A new article in the WP bewails the fact that a child born to money is more likely to succeed than a child born into a poor family
, even when the rich kid is a total screw-up and the poor kid "does everything right."
Specifically, rich high school dropouts remain in the top about as much as poor college grads stay stuck in the bottom — 14 versus 16 percent, respectively. Not only that, but these low-income strivers are just as likely to end up in the bottom as these wealthy ne'er-do-wells. Some meritocracy.
What's going on? Well, it's all about glass floors and glass ceilings. Rich kids who can go work for the family business — and, in Canada at least, 70 percent of the sons of the top 1 percent do just that — or inherit the family estate don't need a high school diploma to get ahead. It's an extreme example of what economists call "opportunity hoarding." That includes everything from legacy college admissions to unpaid internships that let affluent parents rig the game a little more in their children's favor.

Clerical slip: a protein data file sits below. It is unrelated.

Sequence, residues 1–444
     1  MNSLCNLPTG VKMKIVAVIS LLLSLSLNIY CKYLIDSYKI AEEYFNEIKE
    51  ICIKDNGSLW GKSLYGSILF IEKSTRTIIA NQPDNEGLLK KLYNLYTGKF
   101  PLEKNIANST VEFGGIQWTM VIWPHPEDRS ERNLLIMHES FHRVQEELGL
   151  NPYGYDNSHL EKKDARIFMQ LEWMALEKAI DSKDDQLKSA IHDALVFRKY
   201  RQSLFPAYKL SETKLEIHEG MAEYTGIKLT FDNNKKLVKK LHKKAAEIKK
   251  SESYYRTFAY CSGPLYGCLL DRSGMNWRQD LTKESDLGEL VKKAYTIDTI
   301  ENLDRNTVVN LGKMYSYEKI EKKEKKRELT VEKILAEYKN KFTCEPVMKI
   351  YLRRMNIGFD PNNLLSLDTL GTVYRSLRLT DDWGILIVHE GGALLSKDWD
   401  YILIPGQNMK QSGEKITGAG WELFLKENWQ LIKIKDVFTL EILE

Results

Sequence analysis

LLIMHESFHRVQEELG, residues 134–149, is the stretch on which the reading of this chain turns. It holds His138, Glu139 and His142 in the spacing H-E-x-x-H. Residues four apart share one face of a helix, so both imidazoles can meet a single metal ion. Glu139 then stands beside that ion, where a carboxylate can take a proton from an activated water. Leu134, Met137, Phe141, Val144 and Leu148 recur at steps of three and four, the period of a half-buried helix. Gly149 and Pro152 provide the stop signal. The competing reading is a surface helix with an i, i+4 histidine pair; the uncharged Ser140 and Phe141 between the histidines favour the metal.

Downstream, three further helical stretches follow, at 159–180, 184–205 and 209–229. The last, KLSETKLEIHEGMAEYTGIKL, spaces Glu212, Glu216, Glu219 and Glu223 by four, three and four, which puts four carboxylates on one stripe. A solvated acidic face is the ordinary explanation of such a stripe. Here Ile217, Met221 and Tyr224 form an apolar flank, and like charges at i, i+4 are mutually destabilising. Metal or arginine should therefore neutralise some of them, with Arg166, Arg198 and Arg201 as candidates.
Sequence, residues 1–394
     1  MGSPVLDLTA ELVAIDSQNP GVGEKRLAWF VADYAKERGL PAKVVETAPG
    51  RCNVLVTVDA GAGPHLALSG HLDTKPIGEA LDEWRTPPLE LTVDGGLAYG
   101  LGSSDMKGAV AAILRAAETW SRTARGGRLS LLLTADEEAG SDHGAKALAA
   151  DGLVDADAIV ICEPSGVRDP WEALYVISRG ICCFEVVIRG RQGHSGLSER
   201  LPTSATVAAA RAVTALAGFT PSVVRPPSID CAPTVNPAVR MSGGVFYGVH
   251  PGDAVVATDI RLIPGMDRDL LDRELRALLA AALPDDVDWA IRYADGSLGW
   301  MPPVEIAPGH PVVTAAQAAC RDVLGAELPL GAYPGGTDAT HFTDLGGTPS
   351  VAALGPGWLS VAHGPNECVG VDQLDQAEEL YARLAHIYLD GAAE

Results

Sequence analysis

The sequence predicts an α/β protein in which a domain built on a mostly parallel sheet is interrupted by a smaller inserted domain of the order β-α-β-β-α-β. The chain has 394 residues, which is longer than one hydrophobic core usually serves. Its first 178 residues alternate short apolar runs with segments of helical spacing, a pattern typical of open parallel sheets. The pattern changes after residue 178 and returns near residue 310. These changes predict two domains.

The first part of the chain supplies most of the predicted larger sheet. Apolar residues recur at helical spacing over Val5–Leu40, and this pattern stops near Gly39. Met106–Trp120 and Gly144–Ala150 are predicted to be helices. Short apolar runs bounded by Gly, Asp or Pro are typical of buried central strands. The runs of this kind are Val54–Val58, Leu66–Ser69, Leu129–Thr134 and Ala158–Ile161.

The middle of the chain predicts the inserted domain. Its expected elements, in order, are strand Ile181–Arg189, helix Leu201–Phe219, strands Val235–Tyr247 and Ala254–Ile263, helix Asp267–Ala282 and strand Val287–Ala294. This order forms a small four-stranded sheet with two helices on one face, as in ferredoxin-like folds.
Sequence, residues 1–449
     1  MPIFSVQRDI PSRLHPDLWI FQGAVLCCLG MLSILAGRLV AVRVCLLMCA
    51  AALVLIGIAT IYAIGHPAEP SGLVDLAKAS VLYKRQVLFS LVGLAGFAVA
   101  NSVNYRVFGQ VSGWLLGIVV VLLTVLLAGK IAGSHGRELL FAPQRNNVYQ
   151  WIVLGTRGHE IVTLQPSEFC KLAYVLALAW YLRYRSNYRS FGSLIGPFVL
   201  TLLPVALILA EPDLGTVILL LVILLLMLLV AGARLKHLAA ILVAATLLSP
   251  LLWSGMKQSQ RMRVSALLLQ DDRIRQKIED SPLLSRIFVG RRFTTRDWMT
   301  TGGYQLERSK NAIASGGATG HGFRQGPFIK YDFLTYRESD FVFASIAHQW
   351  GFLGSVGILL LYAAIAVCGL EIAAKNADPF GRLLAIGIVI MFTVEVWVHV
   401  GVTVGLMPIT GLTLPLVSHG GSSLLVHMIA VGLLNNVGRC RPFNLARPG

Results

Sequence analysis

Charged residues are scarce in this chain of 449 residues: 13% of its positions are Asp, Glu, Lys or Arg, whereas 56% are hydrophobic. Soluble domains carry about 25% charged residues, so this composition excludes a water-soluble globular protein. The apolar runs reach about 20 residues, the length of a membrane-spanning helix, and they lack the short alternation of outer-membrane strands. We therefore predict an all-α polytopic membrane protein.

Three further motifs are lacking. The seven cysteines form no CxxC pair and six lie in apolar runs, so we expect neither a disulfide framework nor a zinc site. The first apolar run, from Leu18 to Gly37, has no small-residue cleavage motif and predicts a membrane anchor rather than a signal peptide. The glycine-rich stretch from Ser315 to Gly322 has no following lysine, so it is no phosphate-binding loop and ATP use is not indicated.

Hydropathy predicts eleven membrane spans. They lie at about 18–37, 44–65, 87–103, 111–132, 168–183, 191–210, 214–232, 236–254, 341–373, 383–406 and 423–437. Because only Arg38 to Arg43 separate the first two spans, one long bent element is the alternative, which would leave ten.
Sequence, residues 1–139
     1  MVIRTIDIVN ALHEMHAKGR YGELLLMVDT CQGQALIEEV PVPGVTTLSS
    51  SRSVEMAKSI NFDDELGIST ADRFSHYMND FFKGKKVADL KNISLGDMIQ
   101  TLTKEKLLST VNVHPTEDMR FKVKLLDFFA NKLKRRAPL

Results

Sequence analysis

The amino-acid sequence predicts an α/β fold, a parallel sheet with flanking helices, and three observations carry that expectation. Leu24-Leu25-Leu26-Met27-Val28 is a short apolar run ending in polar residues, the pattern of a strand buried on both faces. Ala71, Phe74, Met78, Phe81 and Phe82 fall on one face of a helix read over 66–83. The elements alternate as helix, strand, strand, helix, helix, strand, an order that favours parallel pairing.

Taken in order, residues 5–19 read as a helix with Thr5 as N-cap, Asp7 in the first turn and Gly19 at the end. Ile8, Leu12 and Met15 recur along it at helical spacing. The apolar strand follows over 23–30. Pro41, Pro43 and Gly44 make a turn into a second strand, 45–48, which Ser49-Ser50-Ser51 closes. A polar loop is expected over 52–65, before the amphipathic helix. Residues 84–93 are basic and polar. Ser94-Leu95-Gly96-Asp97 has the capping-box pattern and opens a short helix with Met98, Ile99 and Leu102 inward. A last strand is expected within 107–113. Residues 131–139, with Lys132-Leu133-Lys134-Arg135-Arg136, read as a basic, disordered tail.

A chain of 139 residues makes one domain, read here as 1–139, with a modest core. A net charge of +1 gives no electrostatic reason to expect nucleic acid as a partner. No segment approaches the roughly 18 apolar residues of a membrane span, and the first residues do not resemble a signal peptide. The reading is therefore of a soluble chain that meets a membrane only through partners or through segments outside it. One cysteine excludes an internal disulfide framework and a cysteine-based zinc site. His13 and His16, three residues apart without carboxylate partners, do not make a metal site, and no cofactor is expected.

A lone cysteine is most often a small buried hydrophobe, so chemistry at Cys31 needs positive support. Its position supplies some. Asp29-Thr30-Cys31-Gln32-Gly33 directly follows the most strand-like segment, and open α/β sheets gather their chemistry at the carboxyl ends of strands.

But even if they didn't, low-income kids would still have a hard time getting ahead. That's, in part, because they're targets for diploma mills that load them up with debt, but not a lot of prospects. And even if they do get a good degree, at least when it comes to black families, they're more likely to still live in impoverished neighborhoods that keep them disconnected from opportunities.
We've known this for a while. America used to be the land of class mobility, but no longer. Europe -- filthy, socialist "old" Europe -- is way ahead of us in that department.
What bothers me here is the use of the term "meritocracy." That's the problem, right there -- that word
. The fact that we have internalized "meritocracy" as an ideal demonstrates how and why we have betrayed our principles. To understand what I'm talking about, check out the Chris Hayes lecture embedded above. Yes, I know that many of you watch Hayes all the time on cable news, and a few of you probably want to bitch about this or that aspect of what he does and what he represents. This
lecture (presented a couple of years ago) is quite good, and I would advise you not to judge it until you've heard it.